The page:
We can now say with very high levels of confidence, based on literally thousands of independent research efforts and multiple independent lines of evidence, that most of the warming our planet has experienced over the past 50 years is due to human activity. Indeed, to suggest that humans are not responsible for most of the warming we have experienced over the past 50 years indicates a disregard for the scientific process and the vast amount of testable evidence that has been amassed on this subject.

American Meteorological Society

A fundamental aspect of science is prediction. The ability to predict the precise time and location of the swath of totality for a solar eclipse — many years in advance — based on our understanding of celestial physics is just one example of a success story for science. Another, from the AMS community of scientists, is our increasing ability to forecast the weather, and especially highly impactful severe weather, days in advance. This capability is a combination of increased understanding of the physical processes that influence weather; increased observational capabilities that provide the present state of the atmosphere, oceans, land surfaces, etc.; and increased computational power to take advantage of that physical understanding and observational data.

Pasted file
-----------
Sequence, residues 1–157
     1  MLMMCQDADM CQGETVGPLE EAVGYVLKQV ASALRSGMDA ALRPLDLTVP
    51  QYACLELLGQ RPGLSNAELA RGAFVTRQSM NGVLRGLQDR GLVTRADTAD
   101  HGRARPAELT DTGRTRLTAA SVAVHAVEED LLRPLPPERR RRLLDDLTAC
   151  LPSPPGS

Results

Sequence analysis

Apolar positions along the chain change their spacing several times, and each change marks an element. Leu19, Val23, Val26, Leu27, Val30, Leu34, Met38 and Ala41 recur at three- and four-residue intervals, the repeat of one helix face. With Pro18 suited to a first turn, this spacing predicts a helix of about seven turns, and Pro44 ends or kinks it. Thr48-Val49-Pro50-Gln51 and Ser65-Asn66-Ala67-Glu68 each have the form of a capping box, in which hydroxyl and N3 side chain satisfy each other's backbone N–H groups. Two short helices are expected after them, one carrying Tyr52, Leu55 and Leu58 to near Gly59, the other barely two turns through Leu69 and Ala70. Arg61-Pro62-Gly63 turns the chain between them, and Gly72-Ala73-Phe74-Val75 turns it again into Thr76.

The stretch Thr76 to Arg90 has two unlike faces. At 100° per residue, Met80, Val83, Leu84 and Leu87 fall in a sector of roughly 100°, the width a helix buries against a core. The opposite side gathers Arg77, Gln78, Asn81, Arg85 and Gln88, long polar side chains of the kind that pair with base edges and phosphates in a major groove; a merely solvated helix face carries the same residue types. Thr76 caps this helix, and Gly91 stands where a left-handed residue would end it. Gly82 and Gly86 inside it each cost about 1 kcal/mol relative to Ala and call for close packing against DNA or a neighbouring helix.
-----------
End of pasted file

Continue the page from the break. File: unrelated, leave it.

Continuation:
It is inconceivable that a human disaster like the Galveston hurricane of 1900 would occur today thanks to the observational and predictive power of the weather enterprise. Having predictive capabilities has been critical in reducing the loss of life and property, as well as reducing economic disruption from severe weather events.

As a reflection of the distribution of weather, climate is influenced by the same physical processes and our increasing understanding of those processes provides an increasing capability to project future changes in climate. While the characteristics of weather that matter to us most have inherent limits of predictability on the order of weeks, our understanding of the climate system shows us that projections of climate change over many years are possible. As noted in the AMS Statement on Climate Change: